Charity with Other People’s Money
When things go wrong for people, society ought at least to weight the costs of helping, even when the problems are wrapped up in the esoteric complexities of modern finance, but when I read news like this, I can’t help but wonder from where the money’s coming:
The legislation is likely to draw on elements of the Democratic plan such as letting states issue $10 billion in tax-exempt bonds to refinance subprime loans and permitting homebuilders and other money-losing businesses to reclaim previously paid taxes.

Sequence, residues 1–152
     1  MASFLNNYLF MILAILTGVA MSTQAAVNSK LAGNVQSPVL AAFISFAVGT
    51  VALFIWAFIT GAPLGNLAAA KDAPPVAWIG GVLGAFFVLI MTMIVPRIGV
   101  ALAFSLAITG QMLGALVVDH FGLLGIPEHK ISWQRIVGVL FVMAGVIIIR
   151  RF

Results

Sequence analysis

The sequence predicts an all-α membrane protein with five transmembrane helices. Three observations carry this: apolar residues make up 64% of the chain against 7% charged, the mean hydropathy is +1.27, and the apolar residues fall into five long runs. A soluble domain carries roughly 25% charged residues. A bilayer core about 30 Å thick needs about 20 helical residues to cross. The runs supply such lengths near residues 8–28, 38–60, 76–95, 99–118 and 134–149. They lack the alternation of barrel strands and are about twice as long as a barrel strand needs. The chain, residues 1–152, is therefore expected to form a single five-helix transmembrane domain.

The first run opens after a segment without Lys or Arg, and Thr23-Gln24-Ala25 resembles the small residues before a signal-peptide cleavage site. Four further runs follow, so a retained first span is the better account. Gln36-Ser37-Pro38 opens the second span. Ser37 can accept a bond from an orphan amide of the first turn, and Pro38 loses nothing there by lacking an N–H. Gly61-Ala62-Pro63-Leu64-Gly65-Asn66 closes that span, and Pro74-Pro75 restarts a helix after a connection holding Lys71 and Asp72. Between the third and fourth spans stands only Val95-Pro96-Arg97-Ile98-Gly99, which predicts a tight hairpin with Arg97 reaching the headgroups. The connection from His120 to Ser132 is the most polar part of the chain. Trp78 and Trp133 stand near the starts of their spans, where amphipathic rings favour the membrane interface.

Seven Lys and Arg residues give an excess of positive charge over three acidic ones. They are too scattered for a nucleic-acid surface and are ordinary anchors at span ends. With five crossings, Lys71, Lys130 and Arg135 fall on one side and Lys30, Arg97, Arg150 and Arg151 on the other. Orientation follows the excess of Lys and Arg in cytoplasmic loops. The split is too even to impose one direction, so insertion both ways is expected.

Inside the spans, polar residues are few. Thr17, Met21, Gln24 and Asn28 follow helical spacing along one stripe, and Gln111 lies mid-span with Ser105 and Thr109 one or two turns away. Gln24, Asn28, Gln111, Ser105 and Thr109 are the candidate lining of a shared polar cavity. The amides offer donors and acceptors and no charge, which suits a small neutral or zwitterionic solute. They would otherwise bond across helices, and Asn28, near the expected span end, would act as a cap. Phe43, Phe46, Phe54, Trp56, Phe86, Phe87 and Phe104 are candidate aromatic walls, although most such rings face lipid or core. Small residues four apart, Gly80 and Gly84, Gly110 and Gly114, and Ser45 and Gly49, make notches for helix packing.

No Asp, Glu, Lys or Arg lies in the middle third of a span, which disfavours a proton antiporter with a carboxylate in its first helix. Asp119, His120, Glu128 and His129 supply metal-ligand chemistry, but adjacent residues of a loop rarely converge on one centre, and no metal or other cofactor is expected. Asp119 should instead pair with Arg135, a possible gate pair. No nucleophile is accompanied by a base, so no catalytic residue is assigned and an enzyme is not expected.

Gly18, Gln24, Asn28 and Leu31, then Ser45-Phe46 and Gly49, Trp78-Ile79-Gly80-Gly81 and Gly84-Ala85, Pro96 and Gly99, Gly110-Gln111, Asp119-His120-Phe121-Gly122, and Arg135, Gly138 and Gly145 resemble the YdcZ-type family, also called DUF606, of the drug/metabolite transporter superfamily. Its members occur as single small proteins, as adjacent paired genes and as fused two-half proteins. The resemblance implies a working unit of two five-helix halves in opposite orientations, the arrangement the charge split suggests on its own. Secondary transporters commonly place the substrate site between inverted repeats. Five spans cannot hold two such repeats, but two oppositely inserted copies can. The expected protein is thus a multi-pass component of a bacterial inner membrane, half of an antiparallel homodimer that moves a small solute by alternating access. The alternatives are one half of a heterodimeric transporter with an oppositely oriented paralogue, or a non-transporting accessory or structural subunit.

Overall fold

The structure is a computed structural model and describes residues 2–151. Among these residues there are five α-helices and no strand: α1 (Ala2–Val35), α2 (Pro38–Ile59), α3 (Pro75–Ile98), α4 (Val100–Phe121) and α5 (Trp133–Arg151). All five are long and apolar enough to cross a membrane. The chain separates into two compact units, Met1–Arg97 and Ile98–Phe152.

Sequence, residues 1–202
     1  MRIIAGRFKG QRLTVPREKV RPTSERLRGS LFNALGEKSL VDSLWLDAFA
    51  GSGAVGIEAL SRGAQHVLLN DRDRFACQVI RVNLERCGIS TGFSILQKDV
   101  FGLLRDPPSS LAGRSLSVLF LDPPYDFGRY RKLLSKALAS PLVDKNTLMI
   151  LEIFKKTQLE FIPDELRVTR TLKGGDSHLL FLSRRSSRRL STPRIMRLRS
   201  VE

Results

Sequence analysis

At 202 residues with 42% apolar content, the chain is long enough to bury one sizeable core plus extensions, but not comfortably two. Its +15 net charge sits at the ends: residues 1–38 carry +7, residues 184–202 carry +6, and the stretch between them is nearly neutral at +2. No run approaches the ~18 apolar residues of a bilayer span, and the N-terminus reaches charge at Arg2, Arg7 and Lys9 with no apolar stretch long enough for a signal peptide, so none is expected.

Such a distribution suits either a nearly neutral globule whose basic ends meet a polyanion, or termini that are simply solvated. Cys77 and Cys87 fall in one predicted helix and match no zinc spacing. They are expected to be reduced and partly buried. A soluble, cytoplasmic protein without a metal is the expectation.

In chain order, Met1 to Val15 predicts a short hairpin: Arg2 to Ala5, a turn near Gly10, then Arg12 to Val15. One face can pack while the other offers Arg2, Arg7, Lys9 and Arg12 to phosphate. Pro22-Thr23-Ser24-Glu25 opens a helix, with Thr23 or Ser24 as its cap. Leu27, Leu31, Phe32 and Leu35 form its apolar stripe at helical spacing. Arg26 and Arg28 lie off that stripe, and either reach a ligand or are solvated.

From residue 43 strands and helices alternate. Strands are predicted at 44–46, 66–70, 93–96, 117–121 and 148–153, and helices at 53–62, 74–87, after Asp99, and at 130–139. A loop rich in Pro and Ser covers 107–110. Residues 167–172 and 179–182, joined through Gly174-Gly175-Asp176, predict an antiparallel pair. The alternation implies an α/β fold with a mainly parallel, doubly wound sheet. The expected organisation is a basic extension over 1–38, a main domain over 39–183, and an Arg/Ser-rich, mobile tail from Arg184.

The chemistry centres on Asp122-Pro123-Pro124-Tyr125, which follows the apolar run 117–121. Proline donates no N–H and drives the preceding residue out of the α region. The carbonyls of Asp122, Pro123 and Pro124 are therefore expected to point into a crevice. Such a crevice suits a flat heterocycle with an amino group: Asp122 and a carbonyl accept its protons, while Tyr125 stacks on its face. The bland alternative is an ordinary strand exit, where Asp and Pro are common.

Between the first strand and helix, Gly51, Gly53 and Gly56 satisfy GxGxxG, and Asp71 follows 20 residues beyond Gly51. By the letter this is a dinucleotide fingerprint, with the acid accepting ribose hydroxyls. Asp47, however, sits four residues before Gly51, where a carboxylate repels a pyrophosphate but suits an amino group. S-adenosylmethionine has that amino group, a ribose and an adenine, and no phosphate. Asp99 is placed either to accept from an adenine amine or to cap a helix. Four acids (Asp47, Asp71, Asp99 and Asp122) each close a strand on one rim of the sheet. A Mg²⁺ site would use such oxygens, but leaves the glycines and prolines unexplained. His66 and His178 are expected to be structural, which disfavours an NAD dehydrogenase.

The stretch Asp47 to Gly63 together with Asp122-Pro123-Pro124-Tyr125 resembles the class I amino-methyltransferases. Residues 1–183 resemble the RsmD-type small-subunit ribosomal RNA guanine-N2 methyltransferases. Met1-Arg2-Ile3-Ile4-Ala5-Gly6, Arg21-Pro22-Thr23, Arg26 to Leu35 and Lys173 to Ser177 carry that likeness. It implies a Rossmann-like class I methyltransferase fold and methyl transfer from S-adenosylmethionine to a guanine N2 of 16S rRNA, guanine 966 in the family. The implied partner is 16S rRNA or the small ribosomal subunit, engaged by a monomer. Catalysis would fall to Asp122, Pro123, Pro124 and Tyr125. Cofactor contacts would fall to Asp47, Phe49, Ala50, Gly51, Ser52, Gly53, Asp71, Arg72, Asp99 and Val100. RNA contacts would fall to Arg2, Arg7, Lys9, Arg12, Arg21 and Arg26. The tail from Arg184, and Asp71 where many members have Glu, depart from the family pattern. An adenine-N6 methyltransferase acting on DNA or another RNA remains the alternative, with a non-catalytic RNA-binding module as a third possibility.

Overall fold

Democrats also want to provide $4 billion to states to buy up and refurbish foreclosed homes, a plan that the administration opposes as a bailout for lenders and speculators. …
There is also bipartisan backing for $200 million in new money for debt counselors to help homeowners negotiate with lenders.
I’m sympathetic, of course, to any plan that solves problems by cutting or returning taxes, but if these steps are worth taking, shouldn’t there be at least some discussion of what other area of government is going to be sacrificed?